Mission Delhi – Surinder Kumar Dhawan, Paschim Vihar
One of the one percent in 13 million.
[Text and photos by Mayank Austen Soofi]
If it were just any other Sunday, Surinder Kumar Dhawan would have already started packing his books by now—it is 5 pm.
But it’s a Sunday during the lockdown caused by the coronavirus pandemic, and Mr Dhawan has not gone to the weekly secondhand book bazaar in Daryaganj. He hasn’t gone for weeks, actually. “The market is closed since the lockdown started…. there has been no earning for so many days,” he says talking on WhatsApp from the isolation of his home in west Delhi’s Paschim Vihar.
Mr Dhawan’s stall has one of the best book collections of the Daryaganj Sunday book market, if your taste veers towards literature. He first set up his establishment in 1998. Until early this year, he would sit under the arcades of Asaf Ali Road, just outside the glass doors of Hotel Broadway. But the bazar was shifted to Mahila Haat, an exhibition complex across the road, a few weeks before the corona virus started playing havoc with our lives. Stall number 144 was the new address of Mr Dhawan’s stall
“The market was just beginning to settle down in the new place when the virus arrived,” he says in a regretful tone.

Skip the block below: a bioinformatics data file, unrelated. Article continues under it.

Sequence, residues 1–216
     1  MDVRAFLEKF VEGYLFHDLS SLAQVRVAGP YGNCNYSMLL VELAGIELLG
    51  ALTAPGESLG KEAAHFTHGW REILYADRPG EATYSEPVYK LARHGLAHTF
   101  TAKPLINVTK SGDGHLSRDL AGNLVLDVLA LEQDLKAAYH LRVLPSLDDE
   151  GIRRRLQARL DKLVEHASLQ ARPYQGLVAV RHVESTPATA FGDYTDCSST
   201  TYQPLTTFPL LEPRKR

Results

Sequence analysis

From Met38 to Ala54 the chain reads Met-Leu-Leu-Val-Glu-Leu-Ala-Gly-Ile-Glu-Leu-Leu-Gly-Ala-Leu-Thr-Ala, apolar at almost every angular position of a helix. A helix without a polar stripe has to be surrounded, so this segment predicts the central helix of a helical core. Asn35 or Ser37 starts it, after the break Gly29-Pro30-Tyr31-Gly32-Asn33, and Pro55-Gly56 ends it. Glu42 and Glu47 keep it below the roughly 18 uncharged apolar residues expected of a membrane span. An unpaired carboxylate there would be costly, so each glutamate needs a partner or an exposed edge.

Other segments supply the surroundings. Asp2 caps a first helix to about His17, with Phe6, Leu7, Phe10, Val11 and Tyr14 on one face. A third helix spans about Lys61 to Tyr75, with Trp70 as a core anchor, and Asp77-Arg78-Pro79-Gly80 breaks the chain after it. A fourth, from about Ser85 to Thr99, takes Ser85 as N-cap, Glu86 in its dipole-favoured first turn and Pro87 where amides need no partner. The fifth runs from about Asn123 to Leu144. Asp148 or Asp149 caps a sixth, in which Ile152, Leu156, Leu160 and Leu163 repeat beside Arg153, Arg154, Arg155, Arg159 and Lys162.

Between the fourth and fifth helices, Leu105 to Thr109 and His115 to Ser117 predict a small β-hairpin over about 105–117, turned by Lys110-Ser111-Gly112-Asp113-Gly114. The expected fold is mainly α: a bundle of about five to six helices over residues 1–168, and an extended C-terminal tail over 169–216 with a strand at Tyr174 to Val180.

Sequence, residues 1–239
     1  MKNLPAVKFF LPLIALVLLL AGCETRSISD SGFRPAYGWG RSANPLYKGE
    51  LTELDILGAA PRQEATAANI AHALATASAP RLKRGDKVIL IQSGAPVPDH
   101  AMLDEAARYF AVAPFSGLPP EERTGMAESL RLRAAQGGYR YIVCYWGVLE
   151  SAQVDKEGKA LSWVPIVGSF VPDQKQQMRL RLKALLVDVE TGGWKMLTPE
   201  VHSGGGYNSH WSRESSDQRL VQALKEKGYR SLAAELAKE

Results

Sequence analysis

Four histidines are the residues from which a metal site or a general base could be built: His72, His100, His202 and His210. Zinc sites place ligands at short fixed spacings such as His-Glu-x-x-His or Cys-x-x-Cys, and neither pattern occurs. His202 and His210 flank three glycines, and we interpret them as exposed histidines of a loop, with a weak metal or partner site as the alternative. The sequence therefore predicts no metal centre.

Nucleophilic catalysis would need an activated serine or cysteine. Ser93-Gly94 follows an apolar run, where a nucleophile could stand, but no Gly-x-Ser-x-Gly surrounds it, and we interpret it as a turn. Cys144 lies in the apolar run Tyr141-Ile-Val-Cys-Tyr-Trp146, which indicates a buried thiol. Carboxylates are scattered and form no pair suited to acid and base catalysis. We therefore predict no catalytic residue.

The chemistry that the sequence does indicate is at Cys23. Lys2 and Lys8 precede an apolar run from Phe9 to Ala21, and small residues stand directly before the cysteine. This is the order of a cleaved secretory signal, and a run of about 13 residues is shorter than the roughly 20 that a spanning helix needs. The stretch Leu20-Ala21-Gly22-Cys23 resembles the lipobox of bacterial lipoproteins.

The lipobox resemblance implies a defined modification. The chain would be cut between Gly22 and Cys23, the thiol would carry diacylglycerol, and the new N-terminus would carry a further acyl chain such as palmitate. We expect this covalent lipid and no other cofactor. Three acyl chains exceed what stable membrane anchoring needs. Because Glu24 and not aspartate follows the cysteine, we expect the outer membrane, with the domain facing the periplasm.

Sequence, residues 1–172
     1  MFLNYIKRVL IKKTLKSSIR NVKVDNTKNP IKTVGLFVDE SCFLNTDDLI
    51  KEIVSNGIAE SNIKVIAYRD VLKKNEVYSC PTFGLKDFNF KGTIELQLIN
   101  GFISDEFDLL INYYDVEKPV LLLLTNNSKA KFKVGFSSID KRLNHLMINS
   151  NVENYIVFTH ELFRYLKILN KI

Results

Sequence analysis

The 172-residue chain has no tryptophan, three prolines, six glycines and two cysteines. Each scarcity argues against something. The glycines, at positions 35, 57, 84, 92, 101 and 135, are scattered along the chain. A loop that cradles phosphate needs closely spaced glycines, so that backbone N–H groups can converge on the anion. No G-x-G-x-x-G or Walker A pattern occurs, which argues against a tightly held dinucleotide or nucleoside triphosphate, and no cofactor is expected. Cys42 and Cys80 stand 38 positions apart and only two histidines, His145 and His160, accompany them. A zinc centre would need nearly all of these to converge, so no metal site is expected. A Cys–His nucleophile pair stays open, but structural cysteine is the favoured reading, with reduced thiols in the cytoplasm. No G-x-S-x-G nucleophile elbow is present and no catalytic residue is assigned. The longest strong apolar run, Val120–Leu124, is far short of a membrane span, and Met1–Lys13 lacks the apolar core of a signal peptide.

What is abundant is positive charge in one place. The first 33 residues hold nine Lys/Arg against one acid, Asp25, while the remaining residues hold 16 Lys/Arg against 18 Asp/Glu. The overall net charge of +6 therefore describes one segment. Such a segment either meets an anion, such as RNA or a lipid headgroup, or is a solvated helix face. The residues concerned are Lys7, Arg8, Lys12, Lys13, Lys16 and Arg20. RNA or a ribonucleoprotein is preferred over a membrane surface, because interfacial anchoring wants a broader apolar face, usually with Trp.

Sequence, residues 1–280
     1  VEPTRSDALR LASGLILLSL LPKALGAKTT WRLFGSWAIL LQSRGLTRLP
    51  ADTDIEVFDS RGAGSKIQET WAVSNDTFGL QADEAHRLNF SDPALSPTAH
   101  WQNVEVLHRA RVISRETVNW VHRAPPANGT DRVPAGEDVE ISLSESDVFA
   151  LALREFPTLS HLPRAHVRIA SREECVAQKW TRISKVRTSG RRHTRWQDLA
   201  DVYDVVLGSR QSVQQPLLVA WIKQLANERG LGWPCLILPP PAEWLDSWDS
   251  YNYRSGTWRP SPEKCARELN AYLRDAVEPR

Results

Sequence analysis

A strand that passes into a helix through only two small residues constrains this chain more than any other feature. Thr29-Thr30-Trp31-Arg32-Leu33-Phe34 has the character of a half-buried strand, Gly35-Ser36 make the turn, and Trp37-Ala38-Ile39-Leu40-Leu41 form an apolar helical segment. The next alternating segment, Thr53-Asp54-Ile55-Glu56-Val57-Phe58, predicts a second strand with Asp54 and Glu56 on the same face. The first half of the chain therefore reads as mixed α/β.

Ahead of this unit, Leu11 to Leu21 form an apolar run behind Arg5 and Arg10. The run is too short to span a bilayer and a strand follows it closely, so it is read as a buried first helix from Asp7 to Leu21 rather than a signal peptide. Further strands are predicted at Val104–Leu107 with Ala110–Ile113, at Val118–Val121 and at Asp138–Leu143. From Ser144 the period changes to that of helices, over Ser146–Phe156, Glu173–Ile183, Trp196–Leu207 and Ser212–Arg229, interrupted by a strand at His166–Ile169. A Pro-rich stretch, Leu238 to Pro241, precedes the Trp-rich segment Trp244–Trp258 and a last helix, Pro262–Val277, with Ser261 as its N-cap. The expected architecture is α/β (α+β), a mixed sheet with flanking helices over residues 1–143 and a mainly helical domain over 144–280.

Living with wife, Disha, and sons, Puneet and Rishabh, Mr Dhawan rarely steps out of the house these days except to get rations for the kitchen. Back in the BC (Before Corona) era, during the weekdays, he would exhaust his waking hours visiting “kabadi-wallas” and “importers of used books.” It would be hard work certainly but this zeal added that je ne sais quoi to his collection, making his stall so different from others—rummaging through his piles of books on any given Sunday would inevitably result in the unearthing of editions so precious that you could have easily sold them for a fortune on eBay. Once a happy customer got lucky with Ernest Hemingway’s first edition of A Moveable Feast, which Mr Dhawan gladly sold away for 200 rupees only.
Regulars can easily testify that on most Sundays Mr Dhawan’s stall would be stocked with at least a thousand books.
But no book racks are visible in the bookseller’s home as he shows his dwelling through the phone screen that connects him to The Delhi Walla. “All our books are in our godown in Nangloi.”
While Mr Dhawan might be responsible for enriching the shelves of some of Delhi’s most dedicated book collectors, he himself isn’t into reading. The lockdown however has made him read two books. “I’m watching TV news a lot, but one gets fed up of it after a point… so I read Paul Coelho’s The Alchemist and Anurag Pathak’s Twelfth Fail.”
Earlier in the day, the book man got a call from a fellow bookseller who predicted that business in the book market won’t get back to the old days at least for six months after the lockdown is lifted.
Now checking the time, Mr Dhawan muses that “by now, if there were no corona, and it was just another busy Sunday evening, we would have packed our unsold books in the van and we would be about to leave.”
He would have reached home only by 9 at night, after keeping the books back in the godown.
[This is the 297th portrait of Mission Delhi project]
The Sunday bookseller’s lockdown Sunday